Prime Minister John Key spoke to British Prime Minister David Cameron last night about the chemical attack on civilians in Syria on August 21.
Talking to reporters in the Marshall Islands for the Pacific Islands Forum this morning, Mr Key gave no indication about whether New Zealand was planning to offer moral support to a proposed punitive military strike against Syria by the United States.
He indicated there was not yet conclusive proof the chemical attack was down to the regime of President Bashar al-Assad, although the forum itself is blaming Assad.
"The question will be, do we get to a point where evidence is conclusive, but for which there is no way forward for the United Nations, and if that's the case, we will have to assess that on its merits at the time," Mr Key said.
The conversation took place before Mr Cameron left for the G20 meeting being hosted by Russian President Vladimir Putin in St Petersburg.
Russia suspects the chemical attack was conducted by rebels in a bid to get international involvement in the contract and Mr Putin has hinted it could provide Syria with a missile shield "if we see steps that are taken that violate the existing international norms".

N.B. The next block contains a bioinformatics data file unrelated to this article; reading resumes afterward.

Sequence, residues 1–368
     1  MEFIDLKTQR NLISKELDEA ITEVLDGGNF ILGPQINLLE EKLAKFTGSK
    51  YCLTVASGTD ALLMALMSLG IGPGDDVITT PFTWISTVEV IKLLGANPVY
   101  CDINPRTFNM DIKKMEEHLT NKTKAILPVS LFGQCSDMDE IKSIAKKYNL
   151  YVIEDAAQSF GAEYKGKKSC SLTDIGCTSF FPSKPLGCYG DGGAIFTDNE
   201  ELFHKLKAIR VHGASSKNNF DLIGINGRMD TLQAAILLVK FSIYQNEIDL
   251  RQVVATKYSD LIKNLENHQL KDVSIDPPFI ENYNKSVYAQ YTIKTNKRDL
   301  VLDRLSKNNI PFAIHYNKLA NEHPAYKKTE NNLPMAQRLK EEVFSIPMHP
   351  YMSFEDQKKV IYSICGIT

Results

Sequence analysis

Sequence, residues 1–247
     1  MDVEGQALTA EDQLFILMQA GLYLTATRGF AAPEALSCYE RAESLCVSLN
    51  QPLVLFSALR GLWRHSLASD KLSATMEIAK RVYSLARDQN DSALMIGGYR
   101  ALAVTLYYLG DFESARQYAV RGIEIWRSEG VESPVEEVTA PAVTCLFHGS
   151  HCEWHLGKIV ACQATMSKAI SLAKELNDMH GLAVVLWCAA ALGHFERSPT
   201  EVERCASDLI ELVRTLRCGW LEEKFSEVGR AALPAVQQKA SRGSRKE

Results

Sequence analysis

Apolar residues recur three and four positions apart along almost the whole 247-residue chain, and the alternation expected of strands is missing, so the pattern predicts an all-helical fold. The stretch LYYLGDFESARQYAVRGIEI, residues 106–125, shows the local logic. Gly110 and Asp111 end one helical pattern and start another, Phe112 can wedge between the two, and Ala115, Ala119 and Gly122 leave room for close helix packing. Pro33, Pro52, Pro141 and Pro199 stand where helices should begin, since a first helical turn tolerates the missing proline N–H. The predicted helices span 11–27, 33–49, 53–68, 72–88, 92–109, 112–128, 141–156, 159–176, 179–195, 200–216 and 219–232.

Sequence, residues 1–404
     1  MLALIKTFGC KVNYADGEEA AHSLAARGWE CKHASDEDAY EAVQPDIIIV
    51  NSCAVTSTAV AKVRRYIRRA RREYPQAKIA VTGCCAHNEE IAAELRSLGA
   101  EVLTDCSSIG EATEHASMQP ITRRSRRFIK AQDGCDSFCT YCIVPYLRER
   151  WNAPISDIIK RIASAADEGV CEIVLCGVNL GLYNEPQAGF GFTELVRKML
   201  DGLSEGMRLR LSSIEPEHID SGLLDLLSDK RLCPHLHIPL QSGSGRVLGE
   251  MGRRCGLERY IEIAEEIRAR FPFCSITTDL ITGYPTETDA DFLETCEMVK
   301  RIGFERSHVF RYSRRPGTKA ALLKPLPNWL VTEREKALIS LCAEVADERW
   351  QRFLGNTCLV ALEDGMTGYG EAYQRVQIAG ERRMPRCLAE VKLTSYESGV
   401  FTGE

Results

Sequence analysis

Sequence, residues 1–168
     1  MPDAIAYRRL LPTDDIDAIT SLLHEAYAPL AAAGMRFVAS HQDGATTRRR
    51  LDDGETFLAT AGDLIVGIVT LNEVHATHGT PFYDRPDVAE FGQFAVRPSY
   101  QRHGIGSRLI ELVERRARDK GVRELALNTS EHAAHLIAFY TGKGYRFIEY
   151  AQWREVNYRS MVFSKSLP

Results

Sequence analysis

Mr Key said Mr Cameron had told him that while Britain would not take part directly in any surgical military attack, following a 'no' vote in the House of Commons, it would not stop him making the case of why he believed the Assad regime was responsible and he would be taking evidence to the G20 meeting.
The Pacific Islands Forum communique issued yesterday included a section which effectively pointed the finger at the Assad regime. It called on the United Nations Security Council "individually and collectively to provide leadership in resolving this significant threat to international peace and security and to holding the Syrian Government to account for its actions".